Millions of salmon spawn each year at Kuril Lake in the southern part of the Kamchatka Peninsula, Russia, attracting large numbers of brown bears.
Marco noticed how curious these two brown bears were and was able to capture the moment when they both stood up on their hind legs to watch what he was doing. The rain falling onto the lake added an extra atmosphere to the scene.
Image Credit: Photograph by Marco Urso/Natural History Museum.
Jude Marks writes,
It’s a pity we can’t catch up on 27 November.
I understand that our dear Alex Riley is trying to organise a normal Legends Luncheon sometime in March, 2021. Let’s hope it’s third time lucky.
Our beautiful Dusty Tycoon is getting ready for her next challenge on 5 December at Doomben.
She is a stunner and has come a long way from her days at the breaking in Farm. She always had spirit.
Dusty Tycoon has enjoyed her week out and has returned into the stable in great order.
Keep Safe over Christmas, Jude xxxx
A lone male cheetah is set upon by a pack of African wild dogs.
Peter Haygarth had been following the dogs as they hunted in Zimanga Private Game Reserve in KwaZulu-Natal, South Africa.
On first encountering the cheetah, the dogs were wary, but as the rest of the pack arrived, their confidence grew and they began to encircle the cat.
Peter kept his focus on the cat’s face.
In a few minutes the spat was over as the cheetah fled. (Behaviour: mammals category)
Photograph by Peter Haygarth – Facebook Twitter Pinterest
The Male Gaze
Your Shot photographer Tim Bryan made eye contact with this male lion in Serengeti National Park, Tanzania.
“I will never forget his piercing gaze,” he says. With more than 2,500 lions living in its borders, the park is one of the largest lion refuges in the world.
Image Credit:Photograph by Tim Bryan, National Geographic Your Shot.
A baby tamandua, or anteater, named Poco sticks out its tongue at the ZoologicaL Society of London Zoo.
The Zoo is celebrating the creature’s surprise birth after they found a male to be the companion of its mother Ria last October.
Image Credit: Photograph by ZSL London Zoo/PA
The pygmy marmoset is a tiny primate that is native to rainforests of the western Amazon Basin in South America.
At just 100 grams, the pygmy marmoset is known to be the smallest known species of monkey in the world.
It averages at about 15cm in height with a 20cm long tail behind it.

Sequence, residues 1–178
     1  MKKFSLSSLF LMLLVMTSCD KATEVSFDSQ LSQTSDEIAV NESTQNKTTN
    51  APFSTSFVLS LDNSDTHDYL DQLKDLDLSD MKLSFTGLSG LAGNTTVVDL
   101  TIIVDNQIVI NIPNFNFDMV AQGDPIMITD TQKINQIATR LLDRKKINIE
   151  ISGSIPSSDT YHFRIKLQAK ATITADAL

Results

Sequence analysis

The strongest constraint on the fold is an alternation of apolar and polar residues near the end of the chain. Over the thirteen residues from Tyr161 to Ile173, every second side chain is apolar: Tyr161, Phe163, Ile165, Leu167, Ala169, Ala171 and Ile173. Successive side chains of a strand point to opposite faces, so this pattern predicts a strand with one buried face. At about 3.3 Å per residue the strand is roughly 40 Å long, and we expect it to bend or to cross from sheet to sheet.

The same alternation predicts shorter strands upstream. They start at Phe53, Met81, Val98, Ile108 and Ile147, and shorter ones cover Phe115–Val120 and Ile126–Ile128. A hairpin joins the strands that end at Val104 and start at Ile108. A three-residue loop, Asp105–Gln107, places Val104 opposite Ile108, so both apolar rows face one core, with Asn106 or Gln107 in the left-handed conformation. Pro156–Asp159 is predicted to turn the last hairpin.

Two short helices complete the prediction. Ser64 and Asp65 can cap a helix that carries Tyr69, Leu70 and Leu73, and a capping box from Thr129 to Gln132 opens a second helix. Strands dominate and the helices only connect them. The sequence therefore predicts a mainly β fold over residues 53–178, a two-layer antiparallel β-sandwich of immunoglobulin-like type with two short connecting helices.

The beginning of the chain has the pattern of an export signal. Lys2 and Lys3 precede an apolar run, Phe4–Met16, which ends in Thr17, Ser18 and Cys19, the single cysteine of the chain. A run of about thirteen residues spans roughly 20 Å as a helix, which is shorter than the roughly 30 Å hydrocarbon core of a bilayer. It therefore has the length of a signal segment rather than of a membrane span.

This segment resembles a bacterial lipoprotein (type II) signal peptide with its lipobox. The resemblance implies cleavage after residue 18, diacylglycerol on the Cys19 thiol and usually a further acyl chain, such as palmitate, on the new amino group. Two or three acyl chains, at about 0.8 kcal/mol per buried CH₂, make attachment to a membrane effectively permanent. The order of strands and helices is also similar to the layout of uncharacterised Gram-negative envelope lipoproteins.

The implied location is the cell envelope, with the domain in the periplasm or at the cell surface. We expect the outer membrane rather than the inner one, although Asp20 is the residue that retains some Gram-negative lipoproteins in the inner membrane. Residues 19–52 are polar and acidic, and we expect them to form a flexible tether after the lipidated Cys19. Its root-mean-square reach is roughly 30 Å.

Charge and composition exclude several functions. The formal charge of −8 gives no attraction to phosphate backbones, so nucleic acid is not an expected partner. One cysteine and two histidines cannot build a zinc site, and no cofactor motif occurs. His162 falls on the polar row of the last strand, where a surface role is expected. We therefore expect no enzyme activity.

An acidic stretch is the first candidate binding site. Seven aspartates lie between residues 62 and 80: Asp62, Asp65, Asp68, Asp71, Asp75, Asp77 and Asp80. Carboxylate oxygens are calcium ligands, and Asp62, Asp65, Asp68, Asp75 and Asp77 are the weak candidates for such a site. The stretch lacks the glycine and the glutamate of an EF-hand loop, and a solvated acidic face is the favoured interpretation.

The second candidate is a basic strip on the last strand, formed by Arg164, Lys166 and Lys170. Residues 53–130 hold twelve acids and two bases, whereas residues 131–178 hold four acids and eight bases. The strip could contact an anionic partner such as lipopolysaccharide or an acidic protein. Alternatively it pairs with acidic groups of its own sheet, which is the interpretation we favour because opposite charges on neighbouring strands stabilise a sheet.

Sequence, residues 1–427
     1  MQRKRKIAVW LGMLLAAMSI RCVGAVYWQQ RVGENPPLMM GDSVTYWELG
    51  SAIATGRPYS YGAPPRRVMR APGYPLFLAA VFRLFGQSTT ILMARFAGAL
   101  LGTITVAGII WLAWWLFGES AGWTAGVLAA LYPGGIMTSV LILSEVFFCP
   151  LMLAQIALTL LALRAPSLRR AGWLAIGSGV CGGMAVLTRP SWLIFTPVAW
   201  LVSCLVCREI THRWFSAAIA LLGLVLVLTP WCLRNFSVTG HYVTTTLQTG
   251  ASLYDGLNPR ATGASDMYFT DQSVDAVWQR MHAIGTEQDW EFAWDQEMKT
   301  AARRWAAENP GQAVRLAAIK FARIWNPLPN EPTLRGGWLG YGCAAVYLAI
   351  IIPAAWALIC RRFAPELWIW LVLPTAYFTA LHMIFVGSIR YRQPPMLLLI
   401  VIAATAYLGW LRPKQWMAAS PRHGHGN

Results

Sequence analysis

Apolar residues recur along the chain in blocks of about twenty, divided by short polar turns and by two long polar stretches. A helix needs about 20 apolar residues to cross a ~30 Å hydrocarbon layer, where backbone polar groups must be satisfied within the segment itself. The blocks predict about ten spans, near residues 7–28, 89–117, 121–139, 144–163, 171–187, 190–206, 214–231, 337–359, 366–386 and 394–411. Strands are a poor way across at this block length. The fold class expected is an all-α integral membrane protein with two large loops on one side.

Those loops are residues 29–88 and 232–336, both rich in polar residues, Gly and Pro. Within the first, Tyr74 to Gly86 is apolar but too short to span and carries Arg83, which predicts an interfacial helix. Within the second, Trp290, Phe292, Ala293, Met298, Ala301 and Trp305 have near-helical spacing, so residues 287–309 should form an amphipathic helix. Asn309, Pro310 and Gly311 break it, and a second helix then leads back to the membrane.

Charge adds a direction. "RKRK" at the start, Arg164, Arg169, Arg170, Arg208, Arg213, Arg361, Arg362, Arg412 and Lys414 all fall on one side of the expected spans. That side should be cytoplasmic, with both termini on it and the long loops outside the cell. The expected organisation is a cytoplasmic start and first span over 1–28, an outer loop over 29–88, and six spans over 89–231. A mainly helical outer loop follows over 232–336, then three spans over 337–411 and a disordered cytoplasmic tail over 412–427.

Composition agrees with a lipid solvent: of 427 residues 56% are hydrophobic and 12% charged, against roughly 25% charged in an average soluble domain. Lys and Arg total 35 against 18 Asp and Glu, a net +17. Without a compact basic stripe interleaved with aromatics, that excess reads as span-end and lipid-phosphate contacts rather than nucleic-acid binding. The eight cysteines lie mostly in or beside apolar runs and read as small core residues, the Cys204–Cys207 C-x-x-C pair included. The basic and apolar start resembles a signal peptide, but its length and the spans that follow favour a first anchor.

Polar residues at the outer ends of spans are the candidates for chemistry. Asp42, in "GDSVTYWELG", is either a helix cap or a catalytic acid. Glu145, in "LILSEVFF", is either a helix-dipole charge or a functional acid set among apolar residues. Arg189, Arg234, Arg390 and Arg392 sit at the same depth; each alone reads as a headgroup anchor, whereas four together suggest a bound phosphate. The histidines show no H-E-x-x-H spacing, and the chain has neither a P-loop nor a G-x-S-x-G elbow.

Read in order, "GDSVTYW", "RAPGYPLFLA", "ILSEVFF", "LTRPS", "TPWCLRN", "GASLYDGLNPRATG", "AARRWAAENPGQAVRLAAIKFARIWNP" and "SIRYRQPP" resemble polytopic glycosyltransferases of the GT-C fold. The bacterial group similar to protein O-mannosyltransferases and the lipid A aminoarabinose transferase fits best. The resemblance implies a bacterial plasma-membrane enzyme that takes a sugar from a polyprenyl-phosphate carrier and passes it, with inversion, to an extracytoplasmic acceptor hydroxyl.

The pygmy marmoset has sharp claws which make it excellent at climbing trees and the long tail of the pygmy marmoset gives this little monkey fantastic balance when jumping between tree branches.
The low weight of the pygmy marmoset allows the pygmy it to reach the canopy of tree tops, a place where many of the larger species of monkey cannot reach.
They are also able to turn their heads 180 degrees, an adaptation which allows them to scan the environment for predators while vertically clinging to a tree.
Gilbert’s potoroo was only rediscovered in 1994. (Credit: Bill Hatcher)
She’s known simply as 216. But she’s unquestionably special, and as the small, black bag is peeled back to reveal her long snout and large dark eyes she’s greeted with a hushed ripple of reverential “oohs” and “aahs”.
This is the 216th Gilbert’s potoroo to be counted since the species was rediscovered in 1994 after a century on our list of extinct mammals.
One of just 100 that remain, this is arguably the world’s rarest marsupial: a rabbit-sized, wallaby-like, ball of soft fur that lives almost exclusively on native truffles.
We’re in a bush enclosure near Two Peoples Bay Nature Reserve, on the south coast of Western Australia.
And the small audience being given this rare viewing includes volunteers who’ve been labouring to maintain the 8.2km predator-proof fence surrounding a new 380ha reserve, where 216 will eventually be released.
“It’s such a privilege,” whispers Jonica Foss, of Perth, here to pull plants from around the fence to stop cats clambering over. “To think there are so few left and we’ve just seen one.”
The man who’s headed the recovery program since it began in 1999 is Dr Tony Friend, a scientist with Western Australia’s Department of Environment and Conservation. When we last spoke to him about the potoroo’s plight (AG 88) there was little good news.
The only natural population, at Two Peoples Bay, had been secured but was at maximum capacity of about 30.
The species still hung on a knife edge with the real threat that one fire could wipe it out for good.